Fort Johnson finalizes village dissolution plan, public hearing set Sept. 6

FILE -  Old Fort Johnson in Fort Johnson in 2020
FILE - Old Fort Johnson in Fort Johnson in 2020

FORT JOHNSON — Property taxes would be lowered without any loss in services in Fort Johnson under plans to dissolve the village government that will be presented at a public hearing next month.

“All in all I think it’s a very sound plan that would benefit the village,” Fort Johnson Mayor Michael Simmons said. “As a village resident, I do not see any drawbacks. I only see pluses. We’re getting more service for less taxes and the same amount of government oversight.”

The Laberge Group was hired earlier this year to develop a plan studying the impacts of dissolving the village government to be absorbed by the town of Amsterdam after the Fort Johnson Board of Trustees voted to explore the process in February.

Fort Johnson and Amsterdam officials coordinated throughout the process to develop the final plan that has been released online and will be presented at a public hearing at 7 p.m. on Sept. 6 at Village Hall.

The Board of Trustees is expected to vote on the plan’s adoption during its following meeting on Sept. 13. The dissolution plan would then be sent to a public referendum for village voters to decide tentatively planned for Nov. 15.

Under the dissolution plan, landowners would experience an immediate savings from the elimination of village property taxes at a rate this year of $86.71 per $1,000 assessed value. There are no town-wide property taxes in Amsterdam, but landowners pay taxes towards local fire protection services. The rate in Fort Johnson would be $22.87 per $1,000 of assessed value.

The village would pay off the roughly $349,000 remaining from a previously issued bond for sewer infrastructure improvements to eliminate the $185 per parcel in annual debt service fees paid by property owners.

A special sewer district would be established by the town to assess annual usage fees at existing rates. The town would likely levy additional property taxes to cover sewer maintenance costs.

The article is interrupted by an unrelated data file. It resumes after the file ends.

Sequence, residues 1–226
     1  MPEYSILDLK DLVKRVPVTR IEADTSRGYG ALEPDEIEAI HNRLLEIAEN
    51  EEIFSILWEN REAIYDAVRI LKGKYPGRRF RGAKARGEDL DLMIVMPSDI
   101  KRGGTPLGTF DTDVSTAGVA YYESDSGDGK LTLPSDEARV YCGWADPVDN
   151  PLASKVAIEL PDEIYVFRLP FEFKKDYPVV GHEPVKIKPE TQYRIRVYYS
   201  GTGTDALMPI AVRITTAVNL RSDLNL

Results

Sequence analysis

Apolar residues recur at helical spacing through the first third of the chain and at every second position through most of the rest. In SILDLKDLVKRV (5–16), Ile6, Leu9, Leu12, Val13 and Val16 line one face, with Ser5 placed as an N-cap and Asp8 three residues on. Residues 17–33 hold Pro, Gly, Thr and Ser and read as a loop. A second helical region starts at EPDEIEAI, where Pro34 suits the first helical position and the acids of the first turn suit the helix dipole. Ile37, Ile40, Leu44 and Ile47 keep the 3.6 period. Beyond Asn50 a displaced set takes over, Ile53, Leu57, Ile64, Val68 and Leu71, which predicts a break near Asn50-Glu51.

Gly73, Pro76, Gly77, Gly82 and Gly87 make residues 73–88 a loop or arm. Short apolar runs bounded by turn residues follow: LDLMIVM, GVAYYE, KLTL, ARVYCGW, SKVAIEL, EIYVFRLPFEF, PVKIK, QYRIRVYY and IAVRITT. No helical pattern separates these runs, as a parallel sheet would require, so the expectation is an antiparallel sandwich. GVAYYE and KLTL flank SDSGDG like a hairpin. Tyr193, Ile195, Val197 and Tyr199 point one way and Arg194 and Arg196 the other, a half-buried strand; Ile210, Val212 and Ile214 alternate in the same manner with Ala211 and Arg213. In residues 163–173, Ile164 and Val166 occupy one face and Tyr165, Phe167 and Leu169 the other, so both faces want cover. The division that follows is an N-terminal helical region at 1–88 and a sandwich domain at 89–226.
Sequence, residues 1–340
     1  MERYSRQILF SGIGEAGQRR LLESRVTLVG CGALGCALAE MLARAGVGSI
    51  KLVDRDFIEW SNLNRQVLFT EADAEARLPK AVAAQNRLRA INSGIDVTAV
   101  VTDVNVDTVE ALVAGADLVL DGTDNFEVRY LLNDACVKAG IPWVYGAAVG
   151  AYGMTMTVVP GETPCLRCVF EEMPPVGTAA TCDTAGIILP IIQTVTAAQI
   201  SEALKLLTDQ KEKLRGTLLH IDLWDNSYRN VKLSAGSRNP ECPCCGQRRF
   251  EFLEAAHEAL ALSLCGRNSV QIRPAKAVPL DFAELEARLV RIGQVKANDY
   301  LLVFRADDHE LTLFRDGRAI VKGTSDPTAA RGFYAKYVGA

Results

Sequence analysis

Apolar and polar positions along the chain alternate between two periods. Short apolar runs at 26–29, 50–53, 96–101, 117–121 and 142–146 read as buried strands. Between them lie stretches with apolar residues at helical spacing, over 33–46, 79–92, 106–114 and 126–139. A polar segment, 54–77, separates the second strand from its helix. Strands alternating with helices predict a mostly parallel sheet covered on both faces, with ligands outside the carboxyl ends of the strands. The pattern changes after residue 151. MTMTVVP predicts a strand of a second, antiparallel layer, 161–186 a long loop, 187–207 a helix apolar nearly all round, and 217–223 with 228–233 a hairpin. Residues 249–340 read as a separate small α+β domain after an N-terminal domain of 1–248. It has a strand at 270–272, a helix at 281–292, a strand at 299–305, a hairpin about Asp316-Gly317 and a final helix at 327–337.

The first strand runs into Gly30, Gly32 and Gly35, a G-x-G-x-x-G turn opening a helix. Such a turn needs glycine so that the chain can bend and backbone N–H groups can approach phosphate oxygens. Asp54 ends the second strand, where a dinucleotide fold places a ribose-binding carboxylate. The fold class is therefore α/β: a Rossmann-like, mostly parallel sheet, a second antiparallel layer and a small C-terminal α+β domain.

The majority of Fort Johnson’s assets would be turned over to Amsterdam, including most equipment, vehicles and property. Only Village Hall would instead be turned over to the Fort Johnson Volunteer Fire Company across the street.

The town would assume governance over Fort Johnson and be responsible for providing all public works services. All elected and staffed positions in the village would be eliminated. Fort Johnson’s clerk and one of its laborers have already been planning to retire. Amsterdam has committed to hiring the village’s full-time highway worker.

Town Supervisor Thomas DiMezza believes Amsterdam’s more robust public works department would easily be able to take over providing services in Fort Johnson with the addition of the village’s existing employee.

“There won’t be any change to service,” DiMezza pledged. “In fact, they will probably see better service.”

Aside from property taxes, the biggest concern from village residents during an informational meeting in April on dissolution was the potential impact to snow removal. The village’s existing highway worker would be assigned to Fort Johnson to perform snow removal and other tasks with support as needed from Amsterdam staff, DiMezza said.

Although the decision to dissolve the village will be up to Fort Johnson officials and voters alone, DiMezza supports the plan and does not see any downsides to the town absorbing the village.

“It shouldn’t be too much of a transition,” DiMezza said.

Outside of the village the town has approximately 5,523 residents and spans 29 square miles. Fort Johnson by comparison has just 467 residents and spans 0.7 square miles.

The dissolution plan estimates it would cost Amsterdam about $89,724 per year to provide services in Fort Johnson. Those costs should be virtually covered through sales and mortgage taxes and other revenue that would be reapportioned from the village to the town, DiMezza said.

Under the plan the village would formally dissolve on Dec. 31, 2023. Fort Johnson would retain its name and would become a hamlet within the town. Village laws and codes would remain intact for two years post dissolution. The town could subsequently repeal, amend or add those provisions to Amsterdam’s regulations.

Simmons is supportive of the dissolution plan that the Board of Trustees began mulling over a year ago due to residents’ lack of interest and involvement in the village, creating concerns about long term leadership and operations as several elected officials and employees look to retire.

“It’s coming to a head,” Simmons said. “It is the right time to move forward into dissolving into the town. We believe the town is acting in good faith and will support us and support the hamlet like it has supported the village for years.”

Fort Johnson’s proposed dissolution plan can be viewed online at

Reach Ashley Onyon at [email protected] or @AshleyOnyon on Twitter.

Categories: -News-, Fulton Montgomery Schoharie, Other

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